Success Depends On A Lot More Than Talent – Here’s Why

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Creative people love talent. They love to have it, they love to see it, they love exploring it in their art. There’s a good reason; talent is amazing. It’s the rocket fuel of art. The problem is that as much as we all want to see the rocket go up, success depends on it being able to land.

As mystic as talent can seem it’s absolutely no guarantee of success, in fact the irritating truth is that it often isn’t even necessary. There is one quality that far outstrips talent in terms of finding success, and it’s much less glamorous.


Tenacity can succeed where talent doesn’t, quite simply because there is more of it. All talent, even that of the greatest artists, is finite. Tenacity tries every option, every day, forever. Absolute talent plus a complete lack of tenacity equals breathtaking work that’s seen by no-one. A complete lack of talent plus absolute tenacity equals something terrible that everybody will see.

Of course, the ideal is to have both qualities, to create something good that people are able to enjoy, but make no mistake: if you want to be successful then talent is helpful, but tenacity is a must.

It’s been said that insanity is doing the same thing over and over again and expecting different results. If that’s so then tenacity is deciding on a result and trying everything possible to make it happen. That said, the two can look identical from a distance.

It’s easy to miss the point of tenacity; it is not simply repetition. If your query letter has been rejected by thirty publishers and you send that same letter to the thirty-first, you are just repeating yourself. When you take each rejection as a cue to re-examine your query letter, improve it, and send it on to the next possibility, then you’re tenacious.

So tenacity is vital for an author’s success, but what does being tenacious mean to authors in practical terms?

Applied tenacity

I’ve already mentioned one instance in which authors need to be tenacious: sending query letters to agents or publishers. The key to your tenacity not becoming insanity is to learn from your mistakes. Sending a query letter before reading articles and books about how to write a query letter is not tenacious, it’s foolhardy.

Many authors start off as foolhardy and learn to be tenacious instead. Both traits come from an underlying hunger for success, but only the latter is a realistic path to success.

Tenacity means trying one method to the point where it clearly won’t work, and then shifting to the next while maintaining the same amount of energy. In fact, tenacity is being able to do that ten times over.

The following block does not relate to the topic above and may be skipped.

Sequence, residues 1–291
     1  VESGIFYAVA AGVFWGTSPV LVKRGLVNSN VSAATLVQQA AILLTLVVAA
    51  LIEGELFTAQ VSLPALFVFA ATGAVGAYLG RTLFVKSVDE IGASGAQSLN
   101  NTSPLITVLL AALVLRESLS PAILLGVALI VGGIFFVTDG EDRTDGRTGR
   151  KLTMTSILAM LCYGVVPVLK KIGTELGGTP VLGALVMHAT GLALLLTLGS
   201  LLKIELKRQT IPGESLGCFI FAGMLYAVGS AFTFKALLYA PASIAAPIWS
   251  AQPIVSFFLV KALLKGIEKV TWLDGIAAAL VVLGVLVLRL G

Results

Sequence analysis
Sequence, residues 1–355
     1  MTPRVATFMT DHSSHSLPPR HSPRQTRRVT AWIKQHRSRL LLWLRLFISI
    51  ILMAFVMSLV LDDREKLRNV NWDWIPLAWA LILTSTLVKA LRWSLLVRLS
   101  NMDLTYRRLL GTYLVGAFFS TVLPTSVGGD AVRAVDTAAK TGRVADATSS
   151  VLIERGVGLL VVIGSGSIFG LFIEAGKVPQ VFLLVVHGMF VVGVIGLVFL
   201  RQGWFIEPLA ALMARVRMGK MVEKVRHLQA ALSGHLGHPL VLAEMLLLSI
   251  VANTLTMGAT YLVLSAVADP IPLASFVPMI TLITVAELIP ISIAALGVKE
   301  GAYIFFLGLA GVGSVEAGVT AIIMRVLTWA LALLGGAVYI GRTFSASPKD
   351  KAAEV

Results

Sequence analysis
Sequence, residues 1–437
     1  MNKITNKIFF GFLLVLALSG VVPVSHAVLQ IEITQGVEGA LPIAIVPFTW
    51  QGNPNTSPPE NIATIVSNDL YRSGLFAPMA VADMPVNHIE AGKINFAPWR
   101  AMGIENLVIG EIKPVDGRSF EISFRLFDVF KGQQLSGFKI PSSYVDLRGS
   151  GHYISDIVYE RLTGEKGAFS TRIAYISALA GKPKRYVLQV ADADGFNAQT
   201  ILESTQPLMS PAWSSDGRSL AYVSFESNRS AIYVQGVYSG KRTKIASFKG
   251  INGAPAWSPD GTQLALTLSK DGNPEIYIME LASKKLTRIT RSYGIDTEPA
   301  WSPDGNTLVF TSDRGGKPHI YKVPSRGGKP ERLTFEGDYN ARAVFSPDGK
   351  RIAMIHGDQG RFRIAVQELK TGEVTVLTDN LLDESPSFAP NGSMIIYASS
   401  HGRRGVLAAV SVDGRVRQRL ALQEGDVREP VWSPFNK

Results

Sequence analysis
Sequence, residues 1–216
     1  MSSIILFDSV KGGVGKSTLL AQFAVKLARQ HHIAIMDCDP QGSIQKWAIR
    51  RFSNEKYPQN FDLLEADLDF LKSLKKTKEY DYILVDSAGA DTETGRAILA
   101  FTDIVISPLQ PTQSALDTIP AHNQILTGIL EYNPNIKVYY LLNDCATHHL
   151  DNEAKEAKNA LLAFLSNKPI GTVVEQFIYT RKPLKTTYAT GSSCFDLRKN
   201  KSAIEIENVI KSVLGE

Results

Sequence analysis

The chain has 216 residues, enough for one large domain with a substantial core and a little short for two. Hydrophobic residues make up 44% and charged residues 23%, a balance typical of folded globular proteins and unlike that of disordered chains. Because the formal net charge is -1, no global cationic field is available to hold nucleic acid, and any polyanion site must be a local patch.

To authors who want publication this means tailoring your query letters to the publisher or agent you’re contacting, and making sure that every query letter you send is created for its recipient. If those letters don’t work it means re-examining what you’ve sent: is it too long, too short, how does the plot description read, are there any errors?

If after years you still can’t land a publisher or agent it means looking at your work again, and seeing if it needs to be improved or changed.

If it can’t, it means approaching self-publishing with energy and professionalism, not as a fall back but as the new way to get where you want to be.

For authors who are published, it means you will never be finished building your readership.

Find things to do

Very few published authors are totally satisfied with the marketing their work receives. What a tenacious author knows, however, is that it’s within their own power to improve it.

You can run giveaways or organize special offers. You can cultivate your online presence, and most importantly engage with your readership on social media.

Sites like Facebook, Twitter, and Google+ are incredibly important for authors. They allow individuals to engage with each other, and have a heavy focus on sharing content. This is an ideal environment for authors, who are individuals with a lot of content to share.

Many authors unsatisfied with their works’ marketing don’t realize they could be online at any point in the day, talking with their fans on social media and attracting new ones. Simple things like following fans of an author whose work is similar to you will bring attention your way, and then it’s a case of earning the continuation of that attention.

Many authors are put off building a readership through social media because it can seem like a thankless task. A day of creating content, sharing links, and talking with fans may only lead to an imperceptible increase in readership, but for the tenacious author that’s enough. Day after day of imperceptible improvement quickly leads to an easily perceived improvement, then a significant one, then a tremendous one.

Again, a repetitious author may spend day after day talking and sharing with their readers, and may even make some headway. A tenacious author talks to their readers while organizing competitions and giveaways, tailoring their content to suit the audience and to get them to involve more people; competitions where entering means sharing content or liking something on social media are effective and easily organized.